Biola is their low visibility or marginalization as

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BiolaOlagbegiModernJewish Thought-Funny JewsProfessorHammerman Final Paper TV isbecoming increasingly diverse in terms of casting, with shows like: Janethe Virgin, Fresh Off the Boat, Black-ish, Scandal, How to Get Away WithMurder, and The Mindy Project.

However, stereotypessuch as “the loud and ‘ghetto’ Black woman,” or the “spicy Latina/Latin maid,”or the “quiet and submissive Asian woman/tiger mom,” are still perpetuatedon our TVs today, specifically in terms of the mother characters. The mediarepresentation of racial and ethnic minorities is highly relevant in thecontext of social integration of groups and minorities into mainstream society.In the literature on media representation of minorities, a common observationis their low visibility or marginalization as well as their negativegeneralizations and contextualizationSH1 .Theemergence of more diverse primetime television shows arrived in the 1980’s andthis time period was also seen as the boom of television shows. This resultedin shows like TheCosby ShowSH2  and The Fresh Prince of Bel-Air, two extremely successful TV showscentered around families of color. African-Americans were now cast in leadroles and the audience (both black and white) was now laughing with instead ofat these African-American characters.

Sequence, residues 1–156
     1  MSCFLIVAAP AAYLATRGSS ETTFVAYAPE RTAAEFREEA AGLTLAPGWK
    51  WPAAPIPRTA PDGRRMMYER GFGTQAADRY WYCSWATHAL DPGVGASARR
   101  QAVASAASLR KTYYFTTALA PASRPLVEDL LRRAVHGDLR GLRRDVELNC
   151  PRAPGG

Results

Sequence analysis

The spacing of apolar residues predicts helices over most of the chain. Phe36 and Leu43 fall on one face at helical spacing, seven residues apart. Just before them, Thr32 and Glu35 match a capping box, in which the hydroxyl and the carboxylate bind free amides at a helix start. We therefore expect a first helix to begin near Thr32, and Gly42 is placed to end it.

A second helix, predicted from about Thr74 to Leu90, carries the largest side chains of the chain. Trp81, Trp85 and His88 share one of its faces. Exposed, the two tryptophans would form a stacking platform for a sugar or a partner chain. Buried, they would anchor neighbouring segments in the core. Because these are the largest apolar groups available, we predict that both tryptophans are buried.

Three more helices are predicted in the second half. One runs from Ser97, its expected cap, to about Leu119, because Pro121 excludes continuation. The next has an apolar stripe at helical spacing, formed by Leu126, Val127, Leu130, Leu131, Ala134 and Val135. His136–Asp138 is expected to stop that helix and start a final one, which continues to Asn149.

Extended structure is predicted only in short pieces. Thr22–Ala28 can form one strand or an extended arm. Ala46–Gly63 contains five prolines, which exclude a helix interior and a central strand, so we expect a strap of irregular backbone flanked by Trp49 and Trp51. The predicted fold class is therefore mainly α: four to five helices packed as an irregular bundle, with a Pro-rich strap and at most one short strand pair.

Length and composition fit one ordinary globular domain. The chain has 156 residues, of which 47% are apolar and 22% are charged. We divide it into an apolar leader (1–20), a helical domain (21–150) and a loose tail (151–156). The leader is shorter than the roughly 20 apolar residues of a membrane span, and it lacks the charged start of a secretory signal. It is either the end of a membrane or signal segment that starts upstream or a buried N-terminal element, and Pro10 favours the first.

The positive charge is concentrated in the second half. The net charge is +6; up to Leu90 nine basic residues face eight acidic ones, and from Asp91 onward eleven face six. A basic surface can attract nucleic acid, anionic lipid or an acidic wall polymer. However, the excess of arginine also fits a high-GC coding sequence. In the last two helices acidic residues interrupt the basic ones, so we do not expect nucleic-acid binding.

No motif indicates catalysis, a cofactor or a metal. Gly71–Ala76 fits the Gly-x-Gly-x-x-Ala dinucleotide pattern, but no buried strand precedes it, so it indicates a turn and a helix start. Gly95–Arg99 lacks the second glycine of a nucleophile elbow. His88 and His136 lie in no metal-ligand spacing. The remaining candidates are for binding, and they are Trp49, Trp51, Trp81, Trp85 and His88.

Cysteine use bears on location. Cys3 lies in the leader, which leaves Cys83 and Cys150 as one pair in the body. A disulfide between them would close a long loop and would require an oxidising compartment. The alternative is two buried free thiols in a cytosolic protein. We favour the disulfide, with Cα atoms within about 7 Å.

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Stereotypesof African-American women have played an important role throughout the historyof the United States, for they were used to justify economic and socialstructures such as slavery and segregation. Patricia Hill Collins, author of BlackFeminist ThoughSH3 t said: “Portraying African American women as stereotypical mammies,matriarchs, welfare recipients and hot mammas helps justify US black women’soppression”4. These famousstereotypes have been regularly used in both politics and popular culturealike. However, none of these stereotypes represent the truly complex nature ofthe individual. AsI mentioned before, television plays an important part in portraying thesestereotypesSH4 . African-American female characters in television are oftenone-dimensional and it distorts the reality of black women. Three mainstereotypes of African American women have continuously reoccurred in U.